to the breezy rain
stormy waters rolling onto shore
and i’m soon to be
sleeping by a dock in the bay.
“water is the driving force of all nature.”
-leonardo da vinci
traverse bay, traverse city, michigan, usa – summer 2018
joyful young scientist
teaching and demonstrating
for even younger scientists
ends his hands-on physics and chemistry lessons
with a show-stopper
a fog-shooting cannon
crafted from a garbage can
and the crowd realizes how much they love science
and simply cannot get enough.
“facts are to the mind what food is to the body.”
ann arbor public library, pittsfield branch
some whiz around at the art fair
buzzing amidst lots of creative energy.
some wind down in a hammock
amidst the shady trees
zapped and looking to recharge.
“we should all relax about life
because you don’t have a clue as to what’s really going on.”
-barry sonnenfeld (american cinematographer)
university of michigan diag, ann arbor, michigan, usa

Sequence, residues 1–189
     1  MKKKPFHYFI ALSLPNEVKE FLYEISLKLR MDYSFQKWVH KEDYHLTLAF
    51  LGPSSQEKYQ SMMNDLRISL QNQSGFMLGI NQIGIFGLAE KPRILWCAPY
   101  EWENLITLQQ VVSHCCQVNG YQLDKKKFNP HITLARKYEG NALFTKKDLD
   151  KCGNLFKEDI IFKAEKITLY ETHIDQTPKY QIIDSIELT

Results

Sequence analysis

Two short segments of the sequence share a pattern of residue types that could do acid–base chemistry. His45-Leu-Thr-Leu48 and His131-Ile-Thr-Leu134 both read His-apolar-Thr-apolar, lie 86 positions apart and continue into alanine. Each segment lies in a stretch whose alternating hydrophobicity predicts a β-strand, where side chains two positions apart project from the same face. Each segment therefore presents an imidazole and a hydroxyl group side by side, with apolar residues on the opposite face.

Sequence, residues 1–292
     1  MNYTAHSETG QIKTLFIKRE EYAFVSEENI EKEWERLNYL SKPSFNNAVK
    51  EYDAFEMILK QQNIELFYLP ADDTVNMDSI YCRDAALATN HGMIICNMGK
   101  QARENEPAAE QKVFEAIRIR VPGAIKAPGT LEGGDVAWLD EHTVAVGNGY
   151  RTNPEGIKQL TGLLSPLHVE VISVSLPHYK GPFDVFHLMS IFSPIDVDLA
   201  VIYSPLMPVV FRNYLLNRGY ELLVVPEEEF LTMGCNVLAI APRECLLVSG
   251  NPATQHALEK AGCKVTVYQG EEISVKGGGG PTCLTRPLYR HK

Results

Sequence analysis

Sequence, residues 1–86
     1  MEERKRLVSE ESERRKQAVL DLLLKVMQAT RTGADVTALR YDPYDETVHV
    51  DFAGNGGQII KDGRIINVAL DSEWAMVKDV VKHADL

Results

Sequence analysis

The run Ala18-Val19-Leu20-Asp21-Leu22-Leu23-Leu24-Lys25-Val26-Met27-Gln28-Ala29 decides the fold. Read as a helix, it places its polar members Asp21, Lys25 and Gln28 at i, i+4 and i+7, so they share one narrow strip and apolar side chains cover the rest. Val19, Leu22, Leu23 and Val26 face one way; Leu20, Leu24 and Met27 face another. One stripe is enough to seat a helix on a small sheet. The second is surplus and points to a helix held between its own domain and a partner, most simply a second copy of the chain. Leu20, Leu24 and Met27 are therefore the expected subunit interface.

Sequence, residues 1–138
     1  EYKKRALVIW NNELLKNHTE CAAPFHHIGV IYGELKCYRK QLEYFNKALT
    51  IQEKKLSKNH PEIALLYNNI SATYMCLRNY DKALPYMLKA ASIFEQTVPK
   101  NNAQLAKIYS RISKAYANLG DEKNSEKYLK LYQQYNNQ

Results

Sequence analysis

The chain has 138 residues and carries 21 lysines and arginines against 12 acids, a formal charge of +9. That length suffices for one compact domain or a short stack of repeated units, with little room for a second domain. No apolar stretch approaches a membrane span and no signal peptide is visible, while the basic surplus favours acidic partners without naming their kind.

ann arbor art fair is coming today.
“it is easier to go down a hill than up, but the view is from the top.”
photo credit: ann arbor/scio hill- 1980s,*eck stanger-ann arbor news, aadl archives, ann arbor townies
*Eck Stanger, chief photographer for the Ann Arbor News for 40 years, landed the job because he was the only News employee able to read the German instructions for his secondhand Speed Graphic camera. Or so the legend goes. Over the course of his four decades as photographer – and the News’ sole photographer during its first 12 years–“one-shot Stanger,” as he came to be known–captured famous statesmen, princes, and presidents, as well as eminent artists, musicians, scientists, and athletes. But he spent most of his time capturing everyday Ann Arborites with skill and a keen eye.
came upon this peaceful man
sleepy with quiet thoughts
on a quiet noon
spent in bandamer park
ann arbor, mi. usa
“summer quiet thoughts on summer quiet noons.”
-ray bradbury, now and forever
“i would challenge you to a battle of wits, but i see you are unarmed.”
photo credit: gregory dukor/reuters, google images
collective joy in graffiti alley
ann arbor, mi – summer 2018
“the urge to transform one’s appearance, to dance outdoors,
to mock the powerful and embrace perfect strangers is not easy to suppress.”
-Barbara Ehrenreich, Dancing in the Streets: A History of Collective Joy